Fortunately, I do not know too many myths, because I am more of a conscious dog fancier, but I can tell you what annoys me in this environment in which I am involved. I am often convinced that correction is a cure for everything. This is a mistake – often when a dog does something wrong, it is simply because he is not taught what we expect him to do.
It also annoys me when I hear that the dog is doing something maliciously or uphill – for the most part it is a matter of the fact that the dog does not fully understand the commands and is not taught something well. Another such myth about the border collie is that many people think it is a dog like everyone else. I don’t agree with that: Borders are very specialized and they think clearly differently from the rest of the races.
What about challenges in working with people and their dogs? What’s the most difficult for you?
To be punctual and remember to always write back – I forget about it, so I can officially apologize to you, my dear customers, that sometimes it happens.
When it comes to the job of a trainer, the challenge is to understand how to work with a given person. I am very good at it and I really like working with people, but it always requires a lot of concentration and empathy with the other person, their possibilities, perspectives and way of thinking. This is the hardest part, especially if you want to explain to someone what his dog’s world is like. In the end, the point is for this explanation to arrive in the right way, for the client to be satisfied with it and for the lesson to come out richer in knowledge.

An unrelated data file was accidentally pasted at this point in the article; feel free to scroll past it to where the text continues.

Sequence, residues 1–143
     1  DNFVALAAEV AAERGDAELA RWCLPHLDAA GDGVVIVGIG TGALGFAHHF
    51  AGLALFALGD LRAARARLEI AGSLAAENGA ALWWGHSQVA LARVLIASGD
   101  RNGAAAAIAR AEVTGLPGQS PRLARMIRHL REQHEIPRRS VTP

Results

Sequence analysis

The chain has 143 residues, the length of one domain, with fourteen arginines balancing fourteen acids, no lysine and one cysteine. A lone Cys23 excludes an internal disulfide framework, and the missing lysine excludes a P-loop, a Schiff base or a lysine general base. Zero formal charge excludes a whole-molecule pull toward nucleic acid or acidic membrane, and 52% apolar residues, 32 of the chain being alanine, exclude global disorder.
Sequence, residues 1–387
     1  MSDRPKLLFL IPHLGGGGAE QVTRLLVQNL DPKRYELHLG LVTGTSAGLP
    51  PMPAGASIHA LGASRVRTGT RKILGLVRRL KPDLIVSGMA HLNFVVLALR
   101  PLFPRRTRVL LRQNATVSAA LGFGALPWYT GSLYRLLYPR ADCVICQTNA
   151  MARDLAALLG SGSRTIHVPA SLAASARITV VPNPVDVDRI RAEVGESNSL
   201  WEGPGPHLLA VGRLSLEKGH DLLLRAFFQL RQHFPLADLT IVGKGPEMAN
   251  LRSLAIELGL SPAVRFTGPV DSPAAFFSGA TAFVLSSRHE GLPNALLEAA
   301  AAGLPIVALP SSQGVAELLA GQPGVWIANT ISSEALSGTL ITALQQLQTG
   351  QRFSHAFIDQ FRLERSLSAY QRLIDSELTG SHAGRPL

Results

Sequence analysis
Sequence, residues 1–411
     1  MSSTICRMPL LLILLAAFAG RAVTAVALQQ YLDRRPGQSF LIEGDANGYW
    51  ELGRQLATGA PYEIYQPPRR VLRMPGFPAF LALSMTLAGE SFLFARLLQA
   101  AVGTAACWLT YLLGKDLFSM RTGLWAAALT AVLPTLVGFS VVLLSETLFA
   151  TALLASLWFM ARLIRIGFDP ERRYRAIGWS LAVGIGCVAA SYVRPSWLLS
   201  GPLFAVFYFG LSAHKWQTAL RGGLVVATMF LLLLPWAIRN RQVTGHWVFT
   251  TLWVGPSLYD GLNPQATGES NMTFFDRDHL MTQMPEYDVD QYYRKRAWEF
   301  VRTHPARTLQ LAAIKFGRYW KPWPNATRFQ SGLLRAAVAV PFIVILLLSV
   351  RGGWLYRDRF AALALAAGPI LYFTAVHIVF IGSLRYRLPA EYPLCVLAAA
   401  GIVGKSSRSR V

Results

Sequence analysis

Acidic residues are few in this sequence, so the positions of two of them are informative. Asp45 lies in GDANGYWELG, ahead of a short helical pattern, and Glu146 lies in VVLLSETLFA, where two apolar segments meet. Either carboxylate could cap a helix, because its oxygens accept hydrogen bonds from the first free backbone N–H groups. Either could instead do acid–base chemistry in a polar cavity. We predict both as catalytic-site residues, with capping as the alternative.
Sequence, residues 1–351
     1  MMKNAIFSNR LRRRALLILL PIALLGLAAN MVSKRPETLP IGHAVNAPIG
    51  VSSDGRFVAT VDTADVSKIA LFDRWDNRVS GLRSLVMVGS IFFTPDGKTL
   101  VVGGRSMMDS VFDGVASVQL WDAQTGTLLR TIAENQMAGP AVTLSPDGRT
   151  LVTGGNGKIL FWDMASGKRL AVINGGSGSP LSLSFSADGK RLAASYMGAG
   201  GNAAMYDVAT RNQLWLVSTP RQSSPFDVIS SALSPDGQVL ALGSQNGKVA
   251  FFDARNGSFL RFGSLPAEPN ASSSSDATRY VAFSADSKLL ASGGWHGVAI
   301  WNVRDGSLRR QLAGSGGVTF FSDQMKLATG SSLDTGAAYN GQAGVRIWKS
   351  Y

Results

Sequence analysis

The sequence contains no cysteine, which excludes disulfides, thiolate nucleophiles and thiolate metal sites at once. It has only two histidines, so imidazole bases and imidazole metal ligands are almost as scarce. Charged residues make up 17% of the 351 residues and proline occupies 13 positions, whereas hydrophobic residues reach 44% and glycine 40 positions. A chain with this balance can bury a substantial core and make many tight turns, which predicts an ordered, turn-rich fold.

What do you think a good dog handler should be like?
I think he should be attentive and have a lot of humility and respect for the fact that he has another creature in his house. You have to remember that it will not be that this dog under our roof will read minds. We must try to communicate with him as best we can – in my opinion, good communication gives a ton of satisfaction. It is also important to know that living with a dog is a process in which you must respect your pet’s needs and yours. The key is to want to learn all of this.
What would you like to say to pet keepers, especially those at the beginning of the road?
First of all, I would like to say that it is perfectly normal for a puppy to bite, pee, cannot reach him, react to nothing and behave terribly, run after children and pinch them. About 4-5 months there is a stage which I call a vegetable with teeth – sometimes it is very difficult to reach such a puppy and not much can be done here, because it’s just physiology. This is normal, so if you have a puppy, don’t get tense, don’t stress, because all these behaviors will largely pass, this dog changes and the relationship builds. Obviously it’s worth having someone to guide at this stage, but that will pass and probably get better. It’s like with babies – we hope that one day teething and diapers will disappear.